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Correspondence: Sebastian Schramm (firstname.lastname@example.org)
The geometric calibration of cameras becomes necessary when images should be undistorted, geometric image information is needed or data from more than one camera have to be fused. This process is often done using a target with a checkerboard or circular pattern and a given geometry. In this work, a coded checkerboard target for thermal imaging cameras and the corresponding image processing algorithm for iterative feature detection are presented. It is shown that, due in particular to the resulting better feature detectability at image borders, lower uncertainties in the estimation of the distortion parameters are achieved.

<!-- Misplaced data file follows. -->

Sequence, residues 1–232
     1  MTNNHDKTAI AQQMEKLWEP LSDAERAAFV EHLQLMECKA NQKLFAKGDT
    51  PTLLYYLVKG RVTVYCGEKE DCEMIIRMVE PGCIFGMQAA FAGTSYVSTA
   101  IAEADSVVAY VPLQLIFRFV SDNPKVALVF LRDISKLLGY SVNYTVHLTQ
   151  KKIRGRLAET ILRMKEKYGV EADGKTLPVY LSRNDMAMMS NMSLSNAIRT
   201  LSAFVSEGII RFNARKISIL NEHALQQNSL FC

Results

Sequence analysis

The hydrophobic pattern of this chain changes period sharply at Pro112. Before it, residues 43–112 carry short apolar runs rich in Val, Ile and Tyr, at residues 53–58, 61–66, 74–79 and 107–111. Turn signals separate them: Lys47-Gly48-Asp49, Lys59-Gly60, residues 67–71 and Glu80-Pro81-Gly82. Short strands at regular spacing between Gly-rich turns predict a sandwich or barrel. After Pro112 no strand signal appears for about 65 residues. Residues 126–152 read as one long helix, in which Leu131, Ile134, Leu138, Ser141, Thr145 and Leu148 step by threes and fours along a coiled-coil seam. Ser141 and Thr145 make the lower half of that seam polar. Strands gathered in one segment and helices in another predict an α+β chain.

Infrared (IR) cameras (also called thermal imaging cameras) are widely used to perform temperature field measurements by detecting the IR radiation emitted by object surfaces. The correlation between the detected radiation flux and the international temperature scale ITS-90 is obtained through a radiometric calibration (König et al., 2020). In addition, just as for cameras that work in the visible (VIS) spectral range, there is the possibility of a geometric calibration (Luhmann et al., 2013). This additional calibration is required to compensate for image distortion (intrinsic calibration), to obtain geometric information from the images (also intrinsic calibration) or to determine the relationships between multiple camera coordinate systems as part of a sensor data fusion process (extrinsic calibration).